Analyzing the identity of a brand.

Analyzing the identity of a brand
Analyzing the identity of a brand

An obvious benefit of using a human being for a metaphor for a brand is that it becomes much more easy, especially for non-experts, to understand and discuss what a brand stands for. Consumers easily perceive brands as if they would have personality traits.

What is the Brand Identity Prism? According to Jean-Noël Kapferer, brand personality should be just one key facet of brand identity.

Jennifer Aaker deserves credit for having revitalized the human metaphor for a brand, but she is causing conceptual confusion by merging a number of dimensions of brand identity into brand personality. Kapferer recommends to revitalize to the original terminology of brand identity as the overall brand descriptor.

To understand Kapferer’s model it is useful to read a bit of history:

Already in 1958, Martineau used the word “brand personality” to refer to the non-material dimensions that make a shop special: its character.

In the 60s and 70s there was a growing dissatisfaction with equating the product and the brand. A typical example of that was the term “Unique Selling Proposition” or USP from Rosser Reeves.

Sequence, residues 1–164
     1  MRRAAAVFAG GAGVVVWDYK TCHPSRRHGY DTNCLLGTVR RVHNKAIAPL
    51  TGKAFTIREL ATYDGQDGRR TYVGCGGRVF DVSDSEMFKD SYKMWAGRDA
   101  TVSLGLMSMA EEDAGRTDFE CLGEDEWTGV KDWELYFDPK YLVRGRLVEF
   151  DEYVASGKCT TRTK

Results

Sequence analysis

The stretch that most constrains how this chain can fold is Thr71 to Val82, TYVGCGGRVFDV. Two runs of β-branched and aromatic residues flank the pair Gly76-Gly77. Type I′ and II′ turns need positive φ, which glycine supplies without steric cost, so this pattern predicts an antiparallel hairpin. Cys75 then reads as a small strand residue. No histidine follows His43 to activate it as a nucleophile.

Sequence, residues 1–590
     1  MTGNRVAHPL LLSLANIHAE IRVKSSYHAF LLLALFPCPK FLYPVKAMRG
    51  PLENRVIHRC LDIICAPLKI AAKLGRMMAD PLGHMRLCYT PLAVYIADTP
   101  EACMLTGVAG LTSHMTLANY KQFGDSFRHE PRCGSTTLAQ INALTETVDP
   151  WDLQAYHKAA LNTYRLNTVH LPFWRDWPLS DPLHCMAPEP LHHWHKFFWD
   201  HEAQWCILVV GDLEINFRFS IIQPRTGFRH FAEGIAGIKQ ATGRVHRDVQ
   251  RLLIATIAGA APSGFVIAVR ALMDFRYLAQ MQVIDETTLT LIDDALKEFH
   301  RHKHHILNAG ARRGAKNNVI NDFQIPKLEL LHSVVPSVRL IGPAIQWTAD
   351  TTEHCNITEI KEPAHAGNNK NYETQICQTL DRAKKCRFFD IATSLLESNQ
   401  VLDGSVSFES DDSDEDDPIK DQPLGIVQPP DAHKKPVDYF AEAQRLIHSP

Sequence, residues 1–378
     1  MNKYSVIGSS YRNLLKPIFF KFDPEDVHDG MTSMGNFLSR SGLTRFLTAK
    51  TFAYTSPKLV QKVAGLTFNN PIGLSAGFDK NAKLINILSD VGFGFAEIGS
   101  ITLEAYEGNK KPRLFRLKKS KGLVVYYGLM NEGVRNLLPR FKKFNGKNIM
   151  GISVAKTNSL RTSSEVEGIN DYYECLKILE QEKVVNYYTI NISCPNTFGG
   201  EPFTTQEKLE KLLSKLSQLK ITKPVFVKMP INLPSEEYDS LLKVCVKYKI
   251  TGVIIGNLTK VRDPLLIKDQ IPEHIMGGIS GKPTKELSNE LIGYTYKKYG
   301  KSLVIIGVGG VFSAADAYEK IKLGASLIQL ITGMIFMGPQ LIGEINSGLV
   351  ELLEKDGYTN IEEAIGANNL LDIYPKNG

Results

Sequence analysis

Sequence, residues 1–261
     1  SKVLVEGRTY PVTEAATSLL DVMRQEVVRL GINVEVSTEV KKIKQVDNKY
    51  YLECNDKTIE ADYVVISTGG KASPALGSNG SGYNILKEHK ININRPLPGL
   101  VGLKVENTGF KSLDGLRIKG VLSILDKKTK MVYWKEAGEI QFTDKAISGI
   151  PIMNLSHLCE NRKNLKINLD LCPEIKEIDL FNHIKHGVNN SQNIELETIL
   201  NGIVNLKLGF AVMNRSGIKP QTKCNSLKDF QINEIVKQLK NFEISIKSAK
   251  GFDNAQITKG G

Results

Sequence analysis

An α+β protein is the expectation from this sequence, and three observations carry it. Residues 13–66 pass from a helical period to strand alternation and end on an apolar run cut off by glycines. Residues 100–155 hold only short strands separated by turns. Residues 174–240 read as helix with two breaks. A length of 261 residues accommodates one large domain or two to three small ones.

In 1982, Séguela, a VP of an adverting agency, recommended that all brands be described along three facets:

Physical. What does the product do and how well does it perform?

Character. Brand personality facet.

Style. Operational elements for adverting and communication.

In the late 80s, Ted Bates introduced the term “Unique Selling Personality”. As a consequence, in the famous ‘copy strategy’ – the essential single sheet which summarizes the advertising strategy as related to copy – it became widespread to see a new item to be filled by account executives: brand personality.

Analogously to the use of the term “personality” in psychology, on the research side, the brand identity frameworks always quoted brand personality as a dimension of brand identity – namely those traits of human personality that can be attributed to the brand. Among the other dimensions are:

Brand inner values (cultural facet)

Brand relationship facet (its style of behavior, of conduct)

Brand-reflected consumer facet

Brand physical facet (its material distinguishing traits)

Book: Jean-Noël Kapferer – The New Strategic Brand Management: Creating and Sustaining … –


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